Why single use plastic bags are a big deal

Single use plastic bags may seem a minor infraction in the scheme of global environmental problems. But they are a really big deal and this blog post explains why.

I'm so guilty. During 2020 I have been getting single use takeaway coffee cups. When COVID started appearing in Australia, all my regular coffee haunts stopped accepting KeepCups. I understand they needed to avoid touching surfaces and reduce contact with customers. The behaviour change back to plastic felt weird at first but now I need to make sure my behaviour change isn't permanent. Because I know. Single use plastic is a really big deal!

Here's a summary of the seriousness of single use plastic bags.

Manufacturing single use plastic bags creates pollution

The process to manufacture and create plastic bags uses excessive amounts of oil and gas. Fossil fuels are burnt, which contributes to global warming. Pollution occurs in the process to make the bags in the first place, before they are even used by consumers.

The quantity is enormous

The American Natural Resources Defence Council estimates that the average USA household uses 1500 single use plastic bags per year. In New York alone, 23 billion single use plastic bags are used each year (NDRC).

It ends up in the ocean

Single use plastic deposited in rubbish bins in suburbia and taken to rubbish tips (aka dumps) finds its way into the ocean. In fact, the Guardian reported that 89% of ocean trash is single use plastic. Dumps can lose garbage during a bit of weather and it makes its way into the ocean. 80% of the plastic bags floating in the ocean originated from open dumps and not from ships. Plastic dropped on sidewalks, gutters and drains makes its way into drains and river systems and then eventually the ocean.

Sea animals die

The Secretariat of the Pacific Regional Environment Programme reports that more than 100,000 turtles, whales and marine mammals die each year after eating plastic bags. Plastic bags suspended and floating in water look like their food, resembling jellyfish. Based on autopsies of 370 leatherback turtles, one in three turtles have single use plastic bags in their stomach.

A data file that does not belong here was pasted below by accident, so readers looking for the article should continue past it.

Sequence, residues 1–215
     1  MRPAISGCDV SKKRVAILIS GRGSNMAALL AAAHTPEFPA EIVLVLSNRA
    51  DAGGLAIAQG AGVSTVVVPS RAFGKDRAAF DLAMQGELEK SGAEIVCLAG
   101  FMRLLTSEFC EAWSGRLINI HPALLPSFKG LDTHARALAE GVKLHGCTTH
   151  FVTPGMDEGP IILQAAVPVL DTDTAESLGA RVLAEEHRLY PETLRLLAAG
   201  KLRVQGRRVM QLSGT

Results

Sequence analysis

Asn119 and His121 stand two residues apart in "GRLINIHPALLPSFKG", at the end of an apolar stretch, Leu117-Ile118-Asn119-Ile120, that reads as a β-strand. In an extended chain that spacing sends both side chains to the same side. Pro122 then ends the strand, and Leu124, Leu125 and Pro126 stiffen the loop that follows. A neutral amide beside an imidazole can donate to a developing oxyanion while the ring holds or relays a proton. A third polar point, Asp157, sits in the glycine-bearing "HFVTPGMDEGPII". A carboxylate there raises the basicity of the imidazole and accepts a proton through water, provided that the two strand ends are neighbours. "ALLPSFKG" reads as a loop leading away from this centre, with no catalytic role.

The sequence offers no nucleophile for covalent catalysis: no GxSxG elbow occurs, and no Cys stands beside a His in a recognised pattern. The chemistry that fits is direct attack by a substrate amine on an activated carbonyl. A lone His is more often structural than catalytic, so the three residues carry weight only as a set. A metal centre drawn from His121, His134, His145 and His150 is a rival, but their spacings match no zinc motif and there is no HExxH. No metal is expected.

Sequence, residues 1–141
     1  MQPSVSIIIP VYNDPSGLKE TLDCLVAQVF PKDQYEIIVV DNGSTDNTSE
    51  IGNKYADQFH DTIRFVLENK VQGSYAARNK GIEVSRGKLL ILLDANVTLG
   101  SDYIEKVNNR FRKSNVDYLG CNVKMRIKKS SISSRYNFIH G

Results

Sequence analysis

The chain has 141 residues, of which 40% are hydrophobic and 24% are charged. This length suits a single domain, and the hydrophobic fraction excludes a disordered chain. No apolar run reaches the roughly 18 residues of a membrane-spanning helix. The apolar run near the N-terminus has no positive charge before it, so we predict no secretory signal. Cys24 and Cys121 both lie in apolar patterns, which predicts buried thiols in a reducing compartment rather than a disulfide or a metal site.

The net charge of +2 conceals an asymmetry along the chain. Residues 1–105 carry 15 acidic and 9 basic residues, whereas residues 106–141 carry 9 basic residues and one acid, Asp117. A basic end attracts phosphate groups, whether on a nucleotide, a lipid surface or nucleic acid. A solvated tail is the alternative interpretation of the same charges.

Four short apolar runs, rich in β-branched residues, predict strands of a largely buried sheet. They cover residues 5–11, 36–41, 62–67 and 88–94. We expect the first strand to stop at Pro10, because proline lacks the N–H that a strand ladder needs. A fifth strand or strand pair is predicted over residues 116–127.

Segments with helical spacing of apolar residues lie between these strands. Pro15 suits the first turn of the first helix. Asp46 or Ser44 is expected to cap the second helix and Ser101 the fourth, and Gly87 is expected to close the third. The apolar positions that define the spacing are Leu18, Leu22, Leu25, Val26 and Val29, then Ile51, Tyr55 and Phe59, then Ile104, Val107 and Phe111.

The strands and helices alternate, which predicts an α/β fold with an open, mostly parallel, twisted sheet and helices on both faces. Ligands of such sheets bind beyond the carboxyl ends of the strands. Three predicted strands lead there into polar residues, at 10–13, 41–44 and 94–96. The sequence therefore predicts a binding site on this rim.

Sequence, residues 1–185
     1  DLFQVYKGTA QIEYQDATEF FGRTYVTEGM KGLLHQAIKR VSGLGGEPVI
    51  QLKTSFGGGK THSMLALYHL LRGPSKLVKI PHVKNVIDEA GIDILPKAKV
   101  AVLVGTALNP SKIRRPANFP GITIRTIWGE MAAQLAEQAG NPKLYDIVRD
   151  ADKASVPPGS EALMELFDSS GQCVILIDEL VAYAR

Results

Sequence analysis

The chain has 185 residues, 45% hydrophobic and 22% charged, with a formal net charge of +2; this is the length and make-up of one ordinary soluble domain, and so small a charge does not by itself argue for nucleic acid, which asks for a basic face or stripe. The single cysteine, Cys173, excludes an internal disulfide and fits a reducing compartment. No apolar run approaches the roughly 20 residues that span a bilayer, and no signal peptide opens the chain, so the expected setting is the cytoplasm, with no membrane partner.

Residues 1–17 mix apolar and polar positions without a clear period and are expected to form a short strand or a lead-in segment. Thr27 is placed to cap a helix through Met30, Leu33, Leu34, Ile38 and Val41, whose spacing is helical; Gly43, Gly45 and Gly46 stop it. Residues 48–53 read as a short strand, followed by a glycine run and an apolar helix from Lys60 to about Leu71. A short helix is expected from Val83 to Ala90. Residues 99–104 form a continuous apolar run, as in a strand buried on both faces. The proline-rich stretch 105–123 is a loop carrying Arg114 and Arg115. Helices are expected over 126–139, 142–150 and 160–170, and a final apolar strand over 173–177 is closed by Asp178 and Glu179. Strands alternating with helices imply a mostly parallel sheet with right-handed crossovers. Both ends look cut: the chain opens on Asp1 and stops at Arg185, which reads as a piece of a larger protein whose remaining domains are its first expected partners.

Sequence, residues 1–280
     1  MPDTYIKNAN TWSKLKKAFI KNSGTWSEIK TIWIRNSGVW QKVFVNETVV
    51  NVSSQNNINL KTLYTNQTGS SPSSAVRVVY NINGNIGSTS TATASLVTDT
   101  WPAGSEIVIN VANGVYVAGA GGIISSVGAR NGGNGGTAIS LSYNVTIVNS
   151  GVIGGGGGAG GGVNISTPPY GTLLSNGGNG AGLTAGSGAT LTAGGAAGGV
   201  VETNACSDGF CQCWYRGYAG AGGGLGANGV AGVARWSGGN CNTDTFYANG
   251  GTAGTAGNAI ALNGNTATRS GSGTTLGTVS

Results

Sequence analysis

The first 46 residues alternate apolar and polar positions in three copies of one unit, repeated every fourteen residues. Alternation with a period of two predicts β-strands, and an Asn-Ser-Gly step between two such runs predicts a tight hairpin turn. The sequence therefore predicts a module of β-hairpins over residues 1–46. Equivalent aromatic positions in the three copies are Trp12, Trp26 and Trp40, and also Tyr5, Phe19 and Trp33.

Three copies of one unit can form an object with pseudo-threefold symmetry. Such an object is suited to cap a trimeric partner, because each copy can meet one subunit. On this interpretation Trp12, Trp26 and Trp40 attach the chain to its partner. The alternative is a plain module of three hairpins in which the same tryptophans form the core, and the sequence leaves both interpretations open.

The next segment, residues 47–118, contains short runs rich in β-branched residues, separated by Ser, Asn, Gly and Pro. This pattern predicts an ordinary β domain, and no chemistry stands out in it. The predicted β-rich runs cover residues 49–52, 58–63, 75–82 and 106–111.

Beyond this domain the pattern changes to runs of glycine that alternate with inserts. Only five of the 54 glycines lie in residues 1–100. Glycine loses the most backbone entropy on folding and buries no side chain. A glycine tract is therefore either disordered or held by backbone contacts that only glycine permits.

The Great Pacific Garbage Patch

Also known as the Pacific trash vortex, is a location where debris (mostly plastic) is collecting in the ocean as a result of tides and currents. It is a major problem and difficult to physically measure, as some sections are metres deep depending on the weight of the plastic. Sections of the patch with cloudy water are actually water with floating particles of microplastic. Some plastics are accidentally dumped by ocean vessels, but the majority of plastic is sourced from the land. As well as slowly breaking down into a soup of microplastic, the plastic patch blocks sunlight from reaching sections of the oceans, preventing photosynthesis and impacting the ecosystem under water.

Plastic bags never go away

Plastic bags never biodegrade. But they do break down into microplastic, which release dangerous chemicals such as plasticisers, fire retardants and antimicrobials. Microplastic are made of carbon and hydogen bound in polymer chains. They are less than 5mm in size and can be very small. Microplastics are not only in the ocean, but can be found in the air in dust. In some coastal communities, plastic including plastic bags are burnt for fuel and for waste management. Open burning releases toxic chemicals, including dioxins. The documentary A Plastic Ocean provides devastating examples of plastic impact (now also screening on Netflix).

Plastic for dinner

The single use plastic bag is ending up on your dinner plate. Microplastic has been found in beer, salt and tap water (IUCN). Once consumed, the ingredients of plastic, which are carcinogens, can impact the human endocrine system leading to hormone imbalances, infertility, cancers and neurological problems. Plastic is also accumulating in sea animals such as fish and entering our food system directly. We know microplastic has entered the food chain, because it has been found in human faeces. Eight participants from Russia, China and Japan in the study were all found to have microplastics in their stools. Further, 9 different types of plastic were found in their samples.

In summary... single use plastic bags are a problem. They never go away; they end up in the ocean; they block photosynthesis in the ocean; they kill sea animals; they end up in our food and our water and our air; they contain cancer causing chemicals.